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Too tired to deal with Ron and Wood complaining about his broom together, Harry claimed he needed an early night and meandered up to his dorm. He wasn’t remotely tired yet. When Harry finally stepped inside, he saw that he wasn’t the only one who didn’t want to deal with the crowded, noisy common room. “How was your Christmas, Neville?” he asked.

The blond boy looked up from his book, The Herbology Journal of Emily Frann, and smiled at Harry in the doorway. “Pretty good. I’ve got to remember to thank Hermione for this book; it’s excellent.”

Harry shook his head in amusement. “I don’t know how she does it,” he admitted. “She even finds books that I think are interesting.” Neville laughed.

“Actually, Harry, I wanted to ask you about something.”

Harry shrugged and sat down beside Neville. “Sure.”

“Have you ever ridden on the Knight Bus?” said Neville with a shrewd look.

The question took Harry off guard. He took a moment to process Neville’s question before he gulped and felt his cheeks begin to turn red. The previous summer he had run away from the Dursley’s after blowing up his awful Aunt Marge, who had been insulting his parents relentlessly all week. He had then accidentally summoned the Knight Bus, and when the conductor, Stan Shunpike, asked his name, Harry had told him he was Neville Longbottom. Stan had later discovered the truth, but Harry had no doubt that if Neville had ridden the bus, then Stan had probably mentioned it.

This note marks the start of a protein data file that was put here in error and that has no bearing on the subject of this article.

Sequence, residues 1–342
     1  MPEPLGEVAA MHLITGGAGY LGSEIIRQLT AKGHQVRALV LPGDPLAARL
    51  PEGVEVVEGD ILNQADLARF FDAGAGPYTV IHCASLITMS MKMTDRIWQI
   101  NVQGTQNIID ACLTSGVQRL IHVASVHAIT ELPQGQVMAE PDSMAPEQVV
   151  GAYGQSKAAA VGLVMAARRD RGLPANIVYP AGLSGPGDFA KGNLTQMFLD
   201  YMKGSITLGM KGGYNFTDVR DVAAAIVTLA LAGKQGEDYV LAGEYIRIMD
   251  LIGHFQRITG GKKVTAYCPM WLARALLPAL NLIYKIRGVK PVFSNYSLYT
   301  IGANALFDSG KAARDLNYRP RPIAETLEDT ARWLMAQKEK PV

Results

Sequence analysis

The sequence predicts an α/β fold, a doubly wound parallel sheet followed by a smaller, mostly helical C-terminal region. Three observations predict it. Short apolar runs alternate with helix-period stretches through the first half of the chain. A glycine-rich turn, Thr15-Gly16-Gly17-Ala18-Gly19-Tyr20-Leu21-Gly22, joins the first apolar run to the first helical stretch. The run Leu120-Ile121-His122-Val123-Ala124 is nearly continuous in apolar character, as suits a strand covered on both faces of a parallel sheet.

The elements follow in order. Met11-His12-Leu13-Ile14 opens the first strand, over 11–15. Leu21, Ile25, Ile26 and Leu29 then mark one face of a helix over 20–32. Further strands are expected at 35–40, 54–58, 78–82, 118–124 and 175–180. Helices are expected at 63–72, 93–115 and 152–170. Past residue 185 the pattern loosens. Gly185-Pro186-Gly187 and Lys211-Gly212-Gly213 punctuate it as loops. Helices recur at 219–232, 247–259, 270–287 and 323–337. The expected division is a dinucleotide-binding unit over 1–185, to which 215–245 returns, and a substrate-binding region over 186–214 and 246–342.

“I think I’ll take that very guilty expression as a confession…” Neville grinned. “Did you really tell them you were me?”

“Yes,” Harry groaned. “I’m really sorry, Neville, it just sort of slipped out! I thought the Ministry was going to be after me for accidentally blowing up my aunt.”

Neville snorted. “I have a few relatives I wish I could blow up too. What did she do?”

“Oh, she was going on about how my parents were drunken wastrels who saddled my good, generous relatives with the burden of their son,” said Harry. “I think she might’ve implied that there was something wrong with my Mum that got passed on to me, but I was too mad to pay much attention at that point.”

“That’s terrible!” cried Neville indignantly. Then his expression turned very strange. “Harry… you know that’s not true, don’t you?”

Harry shrugged. “Well yeah, I guess. People here are always telling me how great they were, and I have pictures now, but I don’t really know much about them.”

There was a short pause while Neville seemed to contemplate something. Then he turned back to Harry determinedly. “Your Mum was always laughing,” he said, to Harry’s surprise. “Her favorite color was green, and her favorite robes were yellow, even though they looked awful with her hair. She hated flying, and her favorite subject was Charms, I think.”

“How d’you know all that?” asked Harry, shocked.

Neville blushed. “Our Mums were best friends in Hogwarts,” he said. “Whenever I asked Gran about mine, your Mum was always part of the story. I have a few pictures of them together.” He shuddered. “Those yellow robes were rather… unforgettable.”